First day of parliament’s autumn session: We want a Hungarian Hungary and a European Europe, says Orbán
Hungary has succeeded in creating a labour-based economy, Prime Minister Viktor Orbán told lawmakers on Monday, the first day of parliament’s autumn session.
The economy is working and Hungary is a country that is capable of providing jobs to its citizens who want to work, Orbán said.
Listing Hungary’s economic accomplishments, the prime minister highlighted economic growth, a shrinking public debt, rising employment as well as falling unemployment.
“Full employment is just an arm’s reach away,” he said.
With wages rising, more and more people are finding that it is worth taking up a job in Hungary, Orbán added.
In his address, the prime minister said that family policy would continue to be high on the government’s agenda, with such focal points as family taxation, paediatric services, education, sports, home subsidies and the government’s job protection plan.
Orbán said the Hungarian economy was “sufficiently strong” to ensure free meals for 467,000 children at creches, kindergartens and schools. He added that 85 percent of all schoolchildren were currently provided with free textbooks.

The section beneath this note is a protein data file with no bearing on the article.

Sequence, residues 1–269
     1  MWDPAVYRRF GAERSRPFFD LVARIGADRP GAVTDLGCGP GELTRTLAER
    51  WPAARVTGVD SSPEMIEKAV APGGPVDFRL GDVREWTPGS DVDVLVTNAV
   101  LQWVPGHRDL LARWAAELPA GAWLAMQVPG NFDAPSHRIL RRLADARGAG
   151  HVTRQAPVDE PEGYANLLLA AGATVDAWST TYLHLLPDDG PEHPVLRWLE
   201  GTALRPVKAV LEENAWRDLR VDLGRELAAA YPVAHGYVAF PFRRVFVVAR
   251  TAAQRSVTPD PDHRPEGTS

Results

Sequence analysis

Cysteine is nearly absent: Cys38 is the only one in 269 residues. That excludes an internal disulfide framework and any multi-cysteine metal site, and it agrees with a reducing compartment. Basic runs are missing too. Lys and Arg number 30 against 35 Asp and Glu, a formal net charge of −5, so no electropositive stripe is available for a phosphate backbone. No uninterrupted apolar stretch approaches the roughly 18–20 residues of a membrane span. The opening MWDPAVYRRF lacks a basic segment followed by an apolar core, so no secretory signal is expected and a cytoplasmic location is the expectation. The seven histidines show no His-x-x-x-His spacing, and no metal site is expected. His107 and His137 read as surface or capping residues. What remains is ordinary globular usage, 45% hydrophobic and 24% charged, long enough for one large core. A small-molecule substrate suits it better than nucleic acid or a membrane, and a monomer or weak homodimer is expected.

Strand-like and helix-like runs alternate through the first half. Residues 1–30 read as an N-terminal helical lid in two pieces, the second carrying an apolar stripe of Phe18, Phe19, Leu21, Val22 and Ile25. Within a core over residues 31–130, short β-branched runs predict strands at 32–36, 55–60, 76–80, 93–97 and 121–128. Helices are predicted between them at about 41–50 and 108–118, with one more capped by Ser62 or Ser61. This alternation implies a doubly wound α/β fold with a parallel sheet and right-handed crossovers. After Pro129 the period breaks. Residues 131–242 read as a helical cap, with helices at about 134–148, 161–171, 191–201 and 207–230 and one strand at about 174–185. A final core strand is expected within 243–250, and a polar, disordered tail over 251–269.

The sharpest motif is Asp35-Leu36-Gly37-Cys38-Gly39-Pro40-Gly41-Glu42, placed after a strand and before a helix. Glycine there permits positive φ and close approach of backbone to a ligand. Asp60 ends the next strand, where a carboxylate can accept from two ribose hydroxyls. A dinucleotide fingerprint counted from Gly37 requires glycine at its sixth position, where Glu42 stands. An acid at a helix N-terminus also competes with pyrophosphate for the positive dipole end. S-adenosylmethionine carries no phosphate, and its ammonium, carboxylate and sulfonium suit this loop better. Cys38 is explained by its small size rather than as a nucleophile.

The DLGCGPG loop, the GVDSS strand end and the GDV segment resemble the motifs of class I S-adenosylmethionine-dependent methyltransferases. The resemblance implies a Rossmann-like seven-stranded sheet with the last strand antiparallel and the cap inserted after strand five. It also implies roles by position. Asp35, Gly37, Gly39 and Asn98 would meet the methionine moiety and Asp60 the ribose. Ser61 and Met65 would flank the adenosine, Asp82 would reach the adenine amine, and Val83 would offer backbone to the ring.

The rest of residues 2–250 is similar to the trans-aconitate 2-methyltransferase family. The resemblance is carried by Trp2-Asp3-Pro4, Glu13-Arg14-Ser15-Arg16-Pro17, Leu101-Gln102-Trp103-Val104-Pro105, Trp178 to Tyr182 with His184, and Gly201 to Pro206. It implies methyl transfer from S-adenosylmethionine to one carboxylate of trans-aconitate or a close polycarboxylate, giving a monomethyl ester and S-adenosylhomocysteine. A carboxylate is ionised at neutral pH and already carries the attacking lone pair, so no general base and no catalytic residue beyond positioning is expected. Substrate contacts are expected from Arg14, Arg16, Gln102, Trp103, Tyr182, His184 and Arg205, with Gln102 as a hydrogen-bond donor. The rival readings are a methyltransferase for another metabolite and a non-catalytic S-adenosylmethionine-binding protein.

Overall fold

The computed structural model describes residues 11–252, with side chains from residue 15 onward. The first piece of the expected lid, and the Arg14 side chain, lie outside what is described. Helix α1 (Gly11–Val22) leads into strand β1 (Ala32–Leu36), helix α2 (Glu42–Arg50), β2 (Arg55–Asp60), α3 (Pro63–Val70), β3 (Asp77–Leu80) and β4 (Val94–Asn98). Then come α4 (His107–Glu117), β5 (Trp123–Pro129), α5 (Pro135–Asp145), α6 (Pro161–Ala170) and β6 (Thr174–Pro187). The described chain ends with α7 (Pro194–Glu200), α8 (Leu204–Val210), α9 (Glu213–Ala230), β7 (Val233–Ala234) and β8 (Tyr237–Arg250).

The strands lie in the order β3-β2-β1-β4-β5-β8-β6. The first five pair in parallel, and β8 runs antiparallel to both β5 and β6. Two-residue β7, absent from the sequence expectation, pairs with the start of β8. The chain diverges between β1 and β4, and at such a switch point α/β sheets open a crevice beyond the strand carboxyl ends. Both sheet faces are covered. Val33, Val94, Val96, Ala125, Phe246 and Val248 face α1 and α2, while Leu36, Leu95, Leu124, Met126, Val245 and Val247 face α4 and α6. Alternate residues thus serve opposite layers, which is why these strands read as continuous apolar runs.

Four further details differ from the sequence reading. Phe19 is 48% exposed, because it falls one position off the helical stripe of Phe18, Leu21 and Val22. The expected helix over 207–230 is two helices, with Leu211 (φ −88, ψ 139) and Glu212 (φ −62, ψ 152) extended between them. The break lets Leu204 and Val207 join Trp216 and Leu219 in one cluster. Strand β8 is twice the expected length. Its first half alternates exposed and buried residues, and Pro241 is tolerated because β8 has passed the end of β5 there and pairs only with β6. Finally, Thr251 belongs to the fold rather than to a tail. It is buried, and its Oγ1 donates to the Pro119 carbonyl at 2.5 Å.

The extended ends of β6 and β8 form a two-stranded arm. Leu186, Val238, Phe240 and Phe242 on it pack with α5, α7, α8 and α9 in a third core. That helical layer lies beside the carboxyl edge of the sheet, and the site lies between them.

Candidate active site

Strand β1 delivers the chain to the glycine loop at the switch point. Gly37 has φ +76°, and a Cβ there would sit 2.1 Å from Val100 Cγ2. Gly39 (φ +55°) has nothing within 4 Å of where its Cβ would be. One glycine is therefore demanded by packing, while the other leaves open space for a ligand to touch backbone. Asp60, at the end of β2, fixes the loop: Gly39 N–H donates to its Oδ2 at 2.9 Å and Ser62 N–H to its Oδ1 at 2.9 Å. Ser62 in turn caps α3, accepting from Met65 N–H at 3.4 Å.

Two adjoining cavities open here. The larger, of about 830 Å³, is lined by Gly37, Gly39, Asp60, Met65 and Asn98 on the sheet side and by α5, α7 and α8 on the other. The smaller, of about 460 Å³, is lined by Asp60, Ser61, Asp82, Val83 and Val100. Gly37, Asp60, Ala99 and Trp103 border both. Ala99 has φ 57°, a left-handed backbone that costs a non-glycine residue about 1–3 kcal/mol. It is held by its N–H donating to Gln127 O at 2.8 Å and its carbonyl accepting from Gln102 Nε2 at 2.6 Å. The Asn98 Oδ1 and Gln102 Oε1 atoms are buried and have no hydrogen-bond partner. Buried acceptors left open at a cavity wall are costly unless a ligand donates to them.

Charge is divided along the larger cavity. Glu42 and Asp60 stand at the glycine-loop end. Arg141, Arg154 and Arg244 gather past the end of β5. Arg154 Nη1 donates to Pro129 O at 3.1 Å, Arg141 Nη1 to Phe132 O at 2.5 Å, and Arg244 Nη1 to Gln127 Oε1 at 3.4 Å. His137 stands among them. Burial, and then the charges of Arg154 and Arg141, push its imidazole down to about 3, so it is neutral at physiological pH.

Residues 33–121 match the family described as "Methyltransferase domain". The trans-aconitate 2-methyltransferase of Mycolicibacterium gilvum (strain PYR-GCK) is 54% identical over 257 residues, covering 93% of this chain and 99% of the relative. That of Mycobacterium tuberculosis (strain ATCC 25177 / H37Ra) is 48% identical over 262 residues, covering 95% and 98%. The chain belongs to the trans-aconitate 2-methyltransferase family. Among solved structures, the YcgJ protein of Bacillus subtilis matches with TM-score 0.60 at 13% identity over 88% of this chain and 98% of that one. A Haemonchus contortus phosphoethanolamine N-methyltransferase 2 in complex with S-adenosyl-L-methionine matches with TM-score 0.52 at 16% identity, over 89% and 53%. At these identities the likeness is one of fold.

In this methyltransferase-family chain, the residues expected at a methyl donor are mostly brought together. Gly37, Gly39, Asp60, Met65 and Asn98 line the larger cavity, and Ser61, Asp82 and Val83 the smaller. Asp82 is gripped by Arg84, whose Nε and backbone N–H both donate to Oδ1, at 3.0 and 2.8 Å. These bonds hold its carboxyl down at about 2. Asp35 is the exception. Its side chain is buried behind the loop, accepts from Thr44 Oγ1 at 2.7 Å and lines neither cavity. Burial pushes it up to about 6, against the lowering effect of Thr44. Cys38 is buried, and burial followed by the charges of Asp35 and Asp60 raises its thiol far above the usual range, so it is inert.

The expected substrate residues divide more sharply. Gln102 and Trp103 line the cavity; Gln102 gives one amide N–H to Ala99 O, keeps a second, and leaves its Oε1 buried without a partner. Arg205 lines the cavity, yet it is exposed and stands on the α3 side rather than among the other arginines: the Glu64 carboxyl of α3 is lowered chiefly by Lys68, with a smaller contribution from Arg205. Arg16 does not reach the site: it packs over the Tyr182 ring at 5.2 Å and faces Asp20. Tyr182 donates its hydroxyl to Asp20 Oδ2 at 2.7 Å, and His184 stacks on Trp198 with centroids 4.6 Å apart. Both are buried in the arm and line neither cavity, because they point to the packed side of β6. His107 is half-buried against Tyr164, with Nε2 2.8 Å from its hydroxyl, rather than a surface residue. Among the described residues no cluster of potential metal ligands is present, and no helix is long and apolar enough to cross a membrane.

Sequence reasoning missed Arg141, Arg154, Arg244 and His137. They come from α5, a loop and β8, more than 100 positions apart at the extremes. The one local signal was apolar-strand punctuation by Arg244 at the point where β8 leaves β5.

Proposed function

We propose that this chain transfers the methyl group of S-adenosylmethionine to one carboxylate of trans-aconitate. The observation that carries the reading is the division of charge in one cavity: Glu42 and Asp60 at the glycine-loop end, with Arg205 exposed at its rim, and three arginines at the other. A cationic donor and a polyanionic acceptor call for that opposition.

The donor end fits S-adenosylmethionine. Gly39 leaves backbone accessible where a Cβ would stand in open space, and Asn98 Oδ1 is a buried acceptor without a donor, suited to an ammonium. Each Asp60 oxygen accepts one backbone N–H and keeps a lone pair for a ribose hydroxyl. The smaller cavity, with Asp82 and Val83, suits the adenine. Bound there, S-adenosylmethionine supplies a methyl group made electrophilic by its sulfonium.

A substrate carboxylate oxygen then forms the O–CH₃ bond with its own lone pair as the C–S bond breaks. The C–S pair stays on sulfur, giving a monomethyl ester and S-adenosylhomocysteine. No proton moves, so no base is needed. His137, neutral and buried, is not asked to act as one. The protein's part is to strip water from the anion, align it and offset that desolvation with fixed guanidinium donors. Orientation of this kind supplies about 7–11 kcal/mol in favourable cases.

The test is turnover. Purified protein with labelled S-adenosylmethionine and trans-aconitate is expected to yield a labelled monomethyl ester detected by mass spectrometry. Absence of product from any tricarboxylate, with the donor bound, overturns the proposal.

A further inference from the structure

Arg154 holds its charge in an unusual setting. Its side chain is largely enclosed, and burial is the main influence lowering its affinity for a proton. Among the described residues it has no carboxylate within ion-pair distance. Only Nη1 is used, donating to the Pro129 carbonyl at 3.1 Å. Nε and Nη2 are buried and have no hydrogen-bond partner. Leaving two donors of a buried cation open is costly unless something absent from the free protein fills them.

On another subject, the prime minister voiced regret that Ukraine had decided to “strip Hungarian children of access to education in Hungarian” in secondary and higher education.
Concerning migration, Orbán distinguished between immigrant and non-immigrant countries.
He said the distinction between the two types of countries lay in the fact that certain countries accept, approve of and “at times organise” migration while countries like Hungary are determined to preserve their security, way of life and national, religious and cultural identity.
“We want a Hungarian Hungary and a European Europe,” the prime minister said.
The future of Europe depends on whether these two groups of countries respect the democratic will of each other’s people, Orbán said.
Today, pro-immigration countries wish to settle the difference between the two sides by recommending “that we too become immigrant countries, and if we refuse, they force it on us”, he said. This is the essence of the mandatory resettlement quota scheme, Orbán insisted.
The prime minister said he considered this to be the plan of US financier George Soros, arguing that it was Soros who had first proposed the idea, “publishing it under his own name”.
Orbán urged voters to participate in the government’s “national consultation” survey on the “Soros plan”.